“My business partner was home sick trawling the internet,” said the Northern’s Keith Horn. “He told me the building’s for sale. Says we should take a look at it.”

Horn and his partner, who came to Winnipeg from Ukraine in the mid-1970s, and is now in his late seventies himself, met with the owner, struck up a conversation, and bought it.

“We didn’t really have a vision at the time,” Horn says. The initial idea was to use it as storage, but zoning didn’t allow for it. They considered later using it as an arts centre, but were told they’d need expensive elevator upgrades to do it.

Then their architect suggested that residential conversions could give the building a new purpose: the preliminary plan became 52 “micro” apartments, about 100-square-feet each, with communal kitchen and bathroom facilities, along with eight “self-contained” suites with their own bathrooms. Horn said the common areas were thought of as a way to keep the rent lower and to promote socializing.

The ownership, along with local firm Cherry Construction, got to work. And a lot was needed, said Chris Forsyth, owner of Cherry, which operated out of 207 Jarvis for a stretch.

At that point, the building was in extremely rough shape, Forsyth said. The roof was rotting, the wiring needed to be modernized. There were decades-old boxes of Christmas candies and Easter bunnies; the giant wooden paddle used to stir the candy cauldrons was still there, wedged behind junk. On the main floor, the names of the Royal Shoe Store and Demkiw tailor shop are still visible in the entryways.

Forsyth did the initial drawings for the building, the construction for which his company would work on. It was a project he was passionate about, not only because it would have been his company’s biggest to that point, but because it could actually make a difference.

The 20,000-square-foot building is mostly empty, but has a lot of potential. (Supplied)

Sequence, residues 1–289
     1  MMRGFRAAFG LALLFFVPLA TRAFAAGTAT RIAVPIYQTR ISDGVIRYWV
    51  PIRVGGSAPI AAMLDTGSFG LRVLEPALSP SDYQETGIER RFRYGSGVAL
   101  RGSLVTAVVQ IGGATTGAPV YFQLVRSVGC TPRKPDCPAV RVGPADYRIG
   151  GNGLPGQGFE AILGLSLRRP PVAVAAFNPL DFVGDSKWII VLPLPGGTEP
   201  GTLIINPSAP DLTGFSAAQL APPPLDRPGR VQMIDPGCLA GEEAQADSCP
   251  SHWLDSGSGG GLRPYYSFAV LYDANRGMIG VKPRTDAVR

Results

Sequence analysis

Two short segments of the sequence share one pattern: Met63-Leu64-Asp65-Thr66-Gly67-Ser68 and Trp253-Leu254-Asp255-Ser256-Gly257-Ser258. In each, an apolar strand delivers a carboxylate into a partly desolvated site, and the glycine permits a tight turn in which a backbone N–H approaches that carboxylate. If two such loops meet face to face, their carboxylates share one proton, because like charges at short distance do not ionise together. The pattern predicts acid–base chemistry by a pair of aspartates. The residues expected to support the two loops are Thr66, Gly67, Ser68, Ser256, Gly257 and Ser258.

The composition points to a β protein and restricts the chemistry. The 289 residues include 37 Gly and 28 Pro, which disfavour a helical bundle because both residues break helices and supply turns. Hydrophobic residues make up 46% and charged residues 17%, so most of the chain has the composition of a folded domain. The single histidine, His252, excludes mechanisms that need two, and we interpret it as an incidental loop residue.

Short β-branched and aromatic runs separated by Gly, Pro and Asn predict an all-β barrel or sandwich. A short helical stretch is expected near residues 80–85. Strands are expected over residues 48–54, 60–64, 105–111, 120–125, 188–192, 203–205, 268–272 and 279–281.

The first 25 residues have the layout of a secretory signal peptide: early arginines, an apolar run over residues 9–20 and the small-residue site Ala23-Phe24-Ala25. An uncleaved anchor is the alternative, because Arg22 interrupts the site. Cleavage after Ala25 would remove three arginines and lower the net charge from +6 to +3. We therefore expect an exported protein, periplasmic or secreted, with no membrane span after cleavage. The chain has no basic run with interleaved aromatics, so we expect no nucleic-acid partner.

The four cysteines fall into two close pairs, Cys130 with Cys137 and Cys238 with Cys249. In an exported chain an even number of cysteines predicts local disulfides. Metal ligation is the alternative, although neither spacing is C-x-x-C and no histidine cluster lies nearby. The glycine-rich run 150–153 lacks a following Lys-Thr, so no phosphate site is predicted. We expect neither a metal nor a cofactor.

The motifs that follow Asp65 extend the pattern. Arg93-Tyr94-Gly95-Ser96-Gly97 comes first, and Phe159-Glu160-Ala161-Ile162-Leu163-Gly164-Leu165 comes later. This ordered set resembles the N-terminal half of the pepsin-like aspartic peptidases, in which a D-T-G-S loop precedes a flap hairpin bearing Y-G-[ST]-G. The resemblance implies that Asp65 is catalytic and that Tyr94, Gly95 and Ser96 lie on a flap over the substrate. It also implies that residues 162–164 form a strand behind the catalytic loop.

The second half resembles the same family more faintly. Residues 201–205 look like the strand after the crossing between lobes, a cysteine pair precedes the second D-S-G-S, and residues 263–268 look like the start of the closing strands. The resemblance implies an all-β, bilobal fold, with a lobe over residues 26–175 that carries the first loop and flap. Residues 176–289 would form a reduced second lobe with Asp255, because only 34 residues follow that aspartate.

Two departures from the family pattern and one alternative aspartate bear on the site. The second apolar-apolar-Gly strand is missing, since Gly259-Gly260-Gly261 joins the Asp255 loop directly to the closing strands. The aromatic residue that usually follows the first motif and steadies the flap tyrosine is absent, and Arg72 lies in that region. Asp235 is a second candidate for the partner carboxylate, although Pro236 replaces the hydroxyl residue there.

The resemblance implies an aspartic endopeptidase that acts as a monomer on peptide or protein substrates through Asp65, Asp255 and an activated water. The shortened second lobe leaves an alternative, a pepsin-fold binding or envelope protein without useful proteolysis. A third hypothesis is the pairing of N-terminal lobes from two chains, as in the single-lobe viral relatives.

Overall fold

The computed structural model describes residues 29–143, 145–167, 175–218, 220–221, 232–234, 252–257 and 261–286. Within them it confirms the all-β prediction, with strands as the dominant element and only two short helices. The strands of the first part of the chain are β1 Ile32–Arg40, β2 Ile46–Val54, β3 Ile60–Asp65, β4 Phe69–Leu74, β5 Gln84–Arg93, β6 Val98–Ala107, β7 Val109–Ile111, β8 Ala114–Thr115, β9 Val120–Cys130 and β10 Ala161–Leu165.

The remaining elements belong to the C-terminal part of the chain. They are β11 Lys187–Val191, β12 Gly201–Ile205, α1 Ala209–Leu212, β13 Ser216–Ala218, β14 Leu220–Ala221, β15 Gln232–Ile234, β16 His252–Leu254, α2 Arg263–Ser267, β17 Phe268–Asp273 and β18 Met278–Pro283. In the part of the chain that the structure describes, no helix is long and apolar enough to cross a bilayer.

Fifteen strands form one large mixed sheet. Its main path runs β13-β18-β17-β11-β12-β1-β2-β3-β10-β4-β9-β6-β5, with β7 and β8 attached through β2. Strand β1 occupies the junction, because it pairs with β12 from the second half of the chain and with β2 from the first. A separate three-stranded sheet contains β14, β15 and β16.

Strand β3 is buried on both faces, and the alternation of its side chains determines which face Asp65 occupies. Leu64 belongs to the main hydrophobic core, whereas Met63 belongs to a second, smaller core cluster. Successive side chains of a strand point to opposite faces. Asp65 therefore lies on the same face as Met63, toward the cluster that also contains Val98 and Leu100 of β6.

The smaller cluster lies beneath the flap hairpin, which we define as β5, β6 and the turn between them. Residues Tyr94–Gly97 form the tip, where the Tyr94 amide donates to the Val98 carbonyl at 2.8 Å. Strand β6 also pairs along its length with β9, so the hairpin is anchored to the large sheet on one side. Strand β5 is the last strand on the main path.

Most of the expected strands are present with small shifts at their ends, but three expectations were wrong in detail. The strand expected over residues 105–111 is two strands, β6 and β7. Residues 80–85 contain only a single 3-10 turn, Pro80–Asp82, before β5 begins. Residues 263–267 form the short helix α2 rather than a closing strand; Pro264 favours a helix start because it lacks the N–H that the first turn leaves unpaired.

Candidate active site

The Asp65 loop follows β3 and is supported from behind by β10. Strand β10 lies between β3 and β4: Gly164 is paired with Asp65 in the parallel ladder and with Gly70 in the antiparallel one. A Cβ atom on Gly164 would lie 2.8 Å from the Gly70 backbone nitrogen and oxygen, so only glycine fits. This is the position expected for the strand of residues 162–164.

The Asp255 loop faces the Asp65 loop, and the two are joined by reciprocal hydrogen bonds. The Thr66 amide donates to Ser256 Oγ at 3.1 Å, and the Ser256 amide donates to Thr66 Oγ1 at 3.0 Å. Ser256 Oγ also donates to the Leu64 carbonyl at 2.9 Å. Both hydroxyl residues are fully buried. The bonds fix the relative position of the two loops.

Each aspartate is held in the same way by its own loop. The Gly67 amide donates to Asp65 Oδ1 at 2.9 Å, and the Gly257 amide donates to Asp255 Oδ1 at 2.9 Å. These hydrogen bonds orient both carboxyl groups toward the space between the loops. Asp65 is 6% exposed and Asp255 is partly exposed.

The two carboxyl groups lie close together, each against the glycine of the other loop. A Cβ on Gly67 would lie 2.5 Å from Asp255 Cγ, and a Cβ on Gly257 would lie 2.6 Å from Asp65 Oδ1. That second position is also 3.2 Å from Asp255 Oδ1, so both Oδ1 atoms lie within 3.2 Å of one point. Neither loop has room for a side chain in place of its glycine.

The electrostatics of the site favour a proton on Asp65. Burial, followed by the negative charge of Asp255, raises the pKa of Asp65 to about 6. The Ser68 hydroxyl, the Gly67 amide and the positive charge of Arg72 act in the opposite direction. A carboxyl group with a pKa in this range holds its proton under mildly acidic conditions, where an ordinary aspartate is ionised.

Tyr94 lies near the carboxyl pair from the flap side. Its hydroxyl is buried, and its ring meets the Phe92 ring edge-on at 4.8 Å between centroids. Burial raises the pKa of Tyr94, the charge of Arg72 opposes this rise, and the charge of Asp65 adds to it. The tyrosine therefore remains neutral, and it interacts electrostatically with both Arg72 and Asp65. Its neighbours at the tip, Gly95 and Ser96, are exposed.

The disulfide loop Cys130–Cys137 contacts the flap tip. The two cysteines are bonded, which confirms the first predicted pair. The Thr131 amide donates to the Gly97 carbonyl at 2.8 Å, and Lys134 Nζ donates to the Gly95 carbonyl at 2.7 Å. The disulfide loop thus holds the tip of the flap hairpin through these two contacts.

But after over three years of work and planning, the idea fell apart, and Cherry moved on, with the future of the project appearing dead in the water after major investments had already been made, and little indication the plan would progress without the owners’ go-ahead, Forsyth says. “Nothing else has happened since.”

Horn said the reason for that stagnation is personal differences between himself and his business partner, who is 76 and at a different stage of life. “We had plans drawn up, went for financing, and that went through,” Horn says. “Last minute, my partner was in Europe for the summer, and it stalled.” His partner was “looking to wind things down” he said.

After listing the property unsuccessfully, Horn is hoping that by putting it on the market again with a new agency, it might stimulate some renewed interest.

“I’ve decided if I’m not going to do anything with this building, someone else should,” he said. “So we’re trying to sell the building along with the plans, and hoping someone with all the homelessness going on accepts the idea and makes it happen.” The building’s sale isn’t contingent on the exact specifications of the plan being used, and there’s still significant work to be done.

“Here’s a building that has a lot of potential,” Horn said. “If other people can make it happen, maybe it’s time.”

“It’s an awesome building, and I wish it would have worked out,” Forsyth said.

If ever there was a time for it to work out, it’s now. Over the past year, the need for affordable housing has been magnified, with housing experts saying the full extent of the pandemic’s impact — on people living on the street or below the poverty line — still being revealed.

“The need for affordable housing and low-barrier housing has been beyond critical for many years,” said Chantal Smith, the North End Housing Renewal Corp.’s program lead for tenant-landlord co-operation, who said affordable housing also needs to have proper amenities, including space.

Designed by brothers A & W Melville, the building opened in 1908 as the Grand Opera House, according to city heritage officer Murray Peterson. (Alex Lupul / Winnipeg Free Press)

“Now is the time to start thinking about repurposing some of these mammoth old buildings to align with the homelessness crisis we’re currently in,” she said.

What’s holding those projects back is often hesitancy to take on that challenge and commit to it.

“There’s a lack of momentum perhaps, maybe a lack of incentive,” she said. “But if someone does that, they could be groundbreakers. That might be an exciting idea for developers out there.”

ben.waldman@freepress.mb.ca

Ben Waldman

Ben Waldman
Reporter

Ben Waldman covers a little bit of everything for the Free Press.

Report Error Submit a Tip

Advertisement

Advertise With Us

Business

LOAD MORE BUSINESS